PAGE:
06/04/2001 12:00AM

Remember when getting there was half the fun?


NEW YORK - There is no question that the horseplayer of today has it much better than he did 30 years ago. Things like Beyer Speed Figures, trainer statistics, and class codes in Daily Racing Form past performances; full card simulcasting; telephone and Internet wagering; and live race telecasts into people's homes were unheard of in the early 1970's.

But I wonder, is the horseplayer having as much fun playing the game as 30 years ago?

Today, nothing is easier than logging onto the Internet to get instant race results. But does the relatively new horseplayer take this mouse click for granted? Does he miss the excited anticipation of driving to the highest point in the Boston area in the hopes of tuning in a New York radio station that carries New York race results?

Little matches the comfort and convenience of today's ontrack and offtrack teletheaters, where you can have your own spot to spread your Form, and your own television to tune in whatever signal you're interested in. But are the partitions between these individual cubicles offering privacy at the expense of camaraderie?

And there just don't seem to be as many racetrack characters around as there were years ago. There aren't as many guys around like Crazy Carmen, who was certain that God and everyone who held a jockey's license were conspiring to make a loser out of him, and who never saw a race that wasn't fixed, even the rare ones he cashed. I remember one evening at Green Mountain in Vermont when Carmen lost another "fixed" race. He stood up, his booming voice reverberating off the otherwise silent clubhouse walls, shouting "Don't you maple sap suckers know when you're being taken?" I also remember discreetly but hastily trying to get to the exit before the locals woke up and realized they were being insulted.

Today, we can sit in our cubicle, stare at our 13-inch screen and play Monmouth in the afternoon and Mountaineer at night. We can make up all kinds of exotic matches of tracks to play. But, is it as fulfilling, or as thrilling, as it was to make a day-night doubleheader, when all you needed was a couple of bucks, a gassed-up car, and the desire?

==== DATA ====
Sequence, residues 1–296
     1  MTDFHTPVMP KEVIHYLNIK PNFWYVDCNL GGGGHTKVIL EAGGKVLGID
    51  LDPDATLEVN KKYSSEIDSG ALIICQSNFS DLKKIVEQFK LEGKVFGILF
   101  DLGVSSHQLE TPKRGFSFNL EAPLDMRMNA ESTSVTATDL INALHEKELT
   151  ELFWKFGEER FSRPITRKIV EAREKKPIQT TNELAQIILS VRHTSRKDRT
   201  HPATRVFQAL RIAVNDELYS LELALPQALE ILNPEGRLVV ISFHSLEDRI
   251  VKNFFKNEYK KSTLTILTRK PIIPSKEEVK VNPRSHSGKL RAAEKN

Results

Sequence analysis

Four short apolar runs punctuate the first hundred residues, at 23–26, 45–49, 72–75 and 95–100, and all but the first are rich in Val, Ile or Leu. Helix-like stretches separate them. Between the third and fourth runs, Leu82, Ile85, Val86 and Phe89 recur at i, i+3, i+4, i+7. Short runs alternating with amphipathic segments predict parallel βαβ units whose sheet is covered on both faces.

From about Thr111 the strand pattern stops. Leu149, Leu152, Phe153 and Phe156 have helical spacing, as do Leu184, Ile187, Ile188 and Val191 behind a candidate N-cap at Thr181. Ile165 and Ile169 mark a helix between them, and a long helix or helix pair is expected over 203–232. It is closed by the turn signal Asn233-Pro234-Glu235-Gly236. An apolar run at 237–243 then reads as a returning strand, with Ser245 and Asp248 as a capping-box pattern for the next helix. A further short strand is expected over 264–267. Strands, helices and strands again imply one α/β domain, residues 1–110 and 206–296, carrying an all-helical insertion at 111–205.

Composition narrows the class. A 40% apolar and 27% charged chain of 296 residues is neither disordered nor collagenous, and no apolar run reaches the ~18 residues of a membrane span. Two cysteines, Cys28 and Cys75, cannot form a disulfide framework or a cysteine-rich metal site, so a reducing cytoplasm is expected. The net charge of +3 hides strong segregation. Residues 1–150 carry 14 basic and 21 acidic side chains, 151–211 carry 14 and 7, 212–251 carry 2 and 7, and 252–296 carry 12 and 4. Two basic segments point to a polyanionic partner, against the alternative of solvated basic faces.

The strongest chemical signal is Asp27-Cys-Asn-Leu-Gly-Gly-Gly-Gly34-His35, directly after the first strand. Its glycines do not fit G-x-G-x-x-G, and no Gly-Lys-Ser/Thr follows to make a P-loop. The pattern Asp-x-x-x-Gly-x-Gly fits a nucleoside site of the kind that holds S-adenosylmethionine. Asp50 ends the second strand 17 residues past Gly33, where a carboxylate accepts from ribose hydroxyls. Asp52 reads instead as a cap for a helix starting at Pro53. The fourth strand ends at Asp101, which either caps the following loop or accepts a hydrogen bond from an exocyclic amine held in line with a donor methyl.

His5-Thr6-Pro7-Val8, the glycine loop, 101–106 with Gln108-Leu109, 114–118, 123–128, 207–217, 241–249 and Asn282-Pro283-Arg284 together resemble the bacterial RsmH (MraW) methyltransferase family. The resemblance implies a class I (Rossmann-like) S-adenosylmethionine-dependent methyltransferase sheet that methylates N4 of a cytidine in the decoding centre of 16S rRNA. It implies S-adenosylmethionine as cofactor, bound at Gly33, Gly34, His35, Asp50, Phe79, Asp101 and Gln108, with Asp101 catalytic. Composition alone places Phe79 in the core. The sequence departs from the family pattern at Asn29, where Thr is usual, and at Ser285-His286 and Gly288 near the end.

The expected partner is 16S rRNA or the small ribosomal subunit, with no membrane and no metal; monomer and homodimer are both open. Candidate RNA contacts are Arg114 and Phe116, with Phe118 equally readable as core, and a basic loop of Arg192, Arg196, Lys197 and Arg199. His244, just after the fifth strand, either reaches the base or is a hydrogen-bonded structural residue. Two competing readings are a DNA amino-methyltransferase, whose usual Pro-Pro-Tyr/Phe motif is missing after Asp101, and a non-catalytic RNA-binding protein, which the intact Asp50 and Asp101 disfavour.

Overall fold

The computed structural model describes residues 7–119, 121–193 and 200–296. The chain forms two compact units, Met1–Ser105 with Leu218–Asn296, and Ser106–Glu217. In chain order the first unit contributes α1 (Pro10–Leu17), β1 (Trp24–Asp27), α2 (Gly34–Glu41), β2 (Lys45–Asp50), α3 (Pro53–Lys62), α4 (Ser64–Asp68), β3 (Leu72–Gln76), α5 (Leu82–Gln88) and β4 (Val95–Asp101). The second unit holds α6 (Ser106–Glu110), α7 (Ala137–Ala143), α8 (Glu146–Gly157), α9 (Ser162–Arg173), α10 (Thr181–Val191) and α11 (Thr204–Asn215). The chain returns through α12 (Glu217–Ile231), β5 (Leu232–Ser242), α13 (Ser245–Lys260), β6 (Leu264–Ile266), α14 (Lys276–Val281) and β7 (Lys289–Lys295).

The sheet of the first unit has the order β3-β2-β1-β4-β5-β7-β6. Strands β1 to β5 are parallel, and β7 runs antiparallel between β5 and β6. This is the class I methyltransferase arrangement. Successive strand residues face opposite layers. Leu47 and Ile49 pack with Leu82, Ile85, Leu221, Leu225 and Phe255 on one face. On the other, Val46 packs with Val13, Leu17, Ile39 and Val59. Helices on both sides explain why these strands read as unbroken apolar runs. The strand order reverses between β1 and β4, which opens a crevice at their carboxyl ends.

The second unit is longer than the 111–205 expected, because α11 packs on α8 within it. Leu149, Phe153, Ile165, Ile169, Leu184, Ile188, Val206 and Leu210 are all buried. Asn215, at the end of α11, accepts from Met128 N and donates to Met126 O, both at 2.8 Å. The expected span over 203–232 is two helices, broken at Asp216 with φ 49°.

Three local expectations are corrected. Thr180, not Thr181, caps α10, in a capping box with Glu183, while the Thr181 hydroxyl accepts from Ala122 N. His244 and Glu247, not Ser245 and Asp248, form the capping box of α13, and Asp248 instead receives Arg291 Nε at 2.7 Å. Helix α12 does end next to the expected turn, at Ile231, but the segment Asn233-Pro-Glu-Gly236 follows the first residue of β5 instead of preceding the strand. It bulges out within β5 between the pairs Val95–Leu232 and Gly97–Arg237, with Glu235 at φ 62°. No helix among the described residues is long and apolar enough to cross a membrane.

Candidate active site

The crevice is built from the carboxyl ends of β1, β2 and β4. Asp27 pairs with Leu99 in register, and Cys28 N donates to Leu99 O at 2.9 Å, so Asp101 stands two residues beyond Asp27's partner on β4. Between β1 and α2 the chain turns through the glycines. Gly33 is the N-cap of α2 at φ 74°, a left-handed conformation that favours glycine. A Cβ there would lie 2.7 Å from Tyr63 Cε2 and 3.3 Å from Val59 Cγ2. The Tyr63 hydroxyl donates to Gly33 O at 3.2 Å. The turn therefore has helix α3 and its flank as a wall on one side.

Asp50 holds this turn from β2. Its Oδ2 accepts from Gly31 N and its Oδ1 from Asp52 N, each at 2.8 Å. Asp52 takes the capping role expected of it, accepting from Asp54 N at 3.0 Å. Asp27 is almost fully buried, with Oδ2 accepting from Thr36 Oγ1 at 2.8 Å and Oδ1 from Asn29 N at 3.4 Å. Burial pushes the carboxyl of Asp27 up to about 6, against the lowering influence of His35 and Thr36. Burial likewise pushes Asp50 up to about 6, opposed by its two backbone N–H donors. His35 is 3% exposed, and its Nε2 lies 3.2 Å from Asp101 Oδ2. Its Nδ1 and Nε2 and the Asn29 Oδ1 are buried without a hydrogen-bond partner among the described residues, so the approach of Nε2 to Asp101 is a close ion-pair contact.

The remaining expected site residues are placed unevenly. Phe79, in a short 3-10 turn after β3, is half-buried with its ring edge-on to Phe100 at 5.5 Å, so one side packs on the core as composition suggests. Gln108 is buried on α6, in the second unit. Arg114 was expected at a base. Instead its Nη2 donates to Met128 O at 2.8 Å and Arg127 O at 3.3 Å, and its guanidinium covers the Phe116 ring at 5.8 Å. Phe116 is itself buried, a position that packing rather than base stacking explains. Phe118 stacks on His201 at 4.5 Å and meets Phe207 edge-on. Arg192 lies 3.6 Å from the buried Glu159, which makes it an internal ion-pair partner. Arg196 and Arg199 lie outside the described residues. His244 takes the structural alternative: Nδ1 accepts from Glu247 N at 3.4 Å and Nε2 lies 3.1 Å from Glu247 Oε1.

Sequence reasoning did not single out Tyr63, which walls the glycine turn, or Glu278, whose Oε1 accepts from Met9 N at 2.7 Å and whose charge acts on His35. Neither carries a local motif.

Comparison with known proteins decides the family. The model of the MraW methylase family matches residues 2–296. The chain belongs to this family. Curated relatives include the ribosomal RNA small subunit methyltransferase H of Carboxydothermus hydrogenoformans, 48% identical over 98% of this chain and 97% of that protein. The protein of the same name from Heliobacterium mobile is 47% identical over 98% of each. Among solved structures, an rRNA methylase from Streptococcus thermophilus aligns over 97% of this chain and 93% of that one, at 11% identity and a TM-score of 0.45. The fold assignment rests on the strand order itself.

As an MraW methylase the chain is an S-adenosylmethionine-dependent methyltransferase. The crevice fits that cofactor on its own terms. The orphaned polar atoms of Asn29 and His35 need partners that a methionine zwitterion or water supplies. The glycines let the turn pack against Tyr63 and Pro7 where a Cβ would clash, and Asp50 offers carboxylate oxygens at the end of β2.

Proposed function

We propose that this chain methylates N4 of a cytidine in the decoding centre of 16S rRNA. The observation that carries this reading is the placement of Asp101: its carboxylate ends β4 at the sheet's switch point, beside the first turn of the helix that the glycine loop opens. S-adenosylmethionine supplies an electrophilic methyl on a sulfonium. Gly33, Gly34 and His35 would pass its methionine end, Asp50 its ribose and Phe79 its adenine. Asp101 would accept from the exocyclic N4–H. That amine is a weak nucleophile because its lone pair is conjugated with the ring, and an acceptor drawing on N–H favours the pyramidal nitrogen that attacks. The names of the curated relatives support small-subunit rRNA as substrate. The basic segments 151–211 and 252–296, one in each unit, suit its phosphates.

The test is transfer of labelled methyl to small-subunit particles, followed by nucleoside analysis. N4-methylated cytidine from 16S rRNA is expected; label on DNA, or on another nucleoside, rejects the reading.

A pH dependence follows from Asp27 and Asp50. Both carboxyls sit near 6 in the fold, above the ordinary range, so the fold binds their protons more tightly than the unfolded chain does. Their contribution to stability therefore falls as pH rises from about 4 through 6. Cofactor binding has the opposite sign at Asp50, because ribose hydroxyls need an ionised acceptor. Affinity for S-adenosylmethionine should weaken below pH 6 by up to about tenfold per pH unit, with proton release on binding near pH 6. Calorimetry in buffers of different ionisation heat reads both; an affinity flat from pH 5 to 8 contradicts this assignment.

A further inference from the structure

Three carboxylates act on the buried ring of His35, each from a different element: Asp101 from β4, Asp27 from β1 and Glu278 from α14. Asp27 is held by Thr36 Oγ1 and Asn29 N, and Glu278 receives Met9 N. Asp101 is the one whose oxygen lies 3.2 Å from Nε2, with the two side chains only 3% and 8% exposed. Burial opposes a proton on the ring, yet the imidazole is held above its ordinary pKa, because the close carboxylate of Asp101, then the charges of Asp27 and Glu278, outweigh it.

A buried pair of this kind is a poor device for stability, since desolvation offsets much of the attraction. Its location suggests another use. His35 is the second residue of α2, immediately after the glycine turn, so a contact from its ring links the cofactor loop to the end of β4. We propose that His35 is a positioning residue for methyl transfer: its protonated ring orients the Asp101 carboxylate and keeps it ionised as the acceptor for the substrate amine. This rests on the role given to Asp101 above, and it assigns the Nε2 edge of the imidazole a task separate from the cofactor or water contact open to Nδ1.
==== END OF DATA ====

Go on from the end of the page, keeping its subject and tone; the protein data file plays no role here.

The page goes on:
I grew up in Boston, and around this time of year when the summer evenings start to glow, there were so many options. You could do Suffolk in the afternoon and Lincoln Downs or Narragansett in Rhode Island at night. After Rockingham Park in New Hampshire opened, you could do The Rock in the afternoon and Lincoln or 'Gansett at night. Or you could do a doubleheader of The Rock and Scarborough Downs in Maine, where the mosquitoes were so big they could have worn saddles.

Later in the summer, the Massachusetts fair season would open, and back then it was quite a circuit, from Brockton to Weymouth to Marshfield to Northampton to Great Barrington to Berkshire Downs. The last three were out in western Massachusetts, and you could couple an afternoon at one of those places, which always included several trips to the Jack's French Fries stand - vinegar and salt, please, and only at Jack's - with Green Mountain at night. You always had Green Mountain on Sundays. Back then, that was the only track around that raced on Sundays.

Doubleheaders were great, but there was one particular Labor Day when a quadrupleheader was available for the hearty. On Labor Days, Rockingham ran a morning and afternoon card, so on this one Labor Day you started with the morning card at The Rock, moved on to Suffolk for part of their afternoon card, then headed to Marshfield Fair for the tail end of their afternoon card, and then on to Lincoln for the night card. For the record, the money ran out before the will did.

And there were doubleheader permutations that could have been made when all the greyhound and harness tracks were factored in. But those were never considered to be legitimate by me. Only Thoroughbred doubleheaders counted.

Camaraderie? Those doubleheaders fostered it. With anywhere from an hour to a 2 1/2-hour ride to the next destination, there was lots of handicapping and lots of stories swapped about our horrible beats.

All of this came to mind last Friday, driving back from Monmouth Park, where I participated in the first of a series of Form Friday seminars. Sitting in traffic on the Belt Parkway after getting seven in at Monmouth, I thought, "What the hell," and I pointed my car toward Belmont Park. Thanks to a twilight post time, I was able to take in the last two races at Belmont. Later, I told a couple of friends what I did. One asked, "Did you really do that?" Another asked more bluntly, "What are you, nuts?" I actually felt a bit sorry for them. Have they forgotten, or did they ever know, the joy of getting in your car, driving to a track, betting, getting in your car, driving to another track, and betting some more? Though tame by past experience, after my first semi-exotic doubleheader in a while, I felt renewed, invigorated.

After the Belmont Stakes is over, I'm thinking about asking for a couple of days off and putting together maybe a Delaware Park-Charles Town doubleheader, or a Philadelphia Park-Penn National doubleheader, or even another Monmouth-Belmont Friday doubleheader.

Want to go?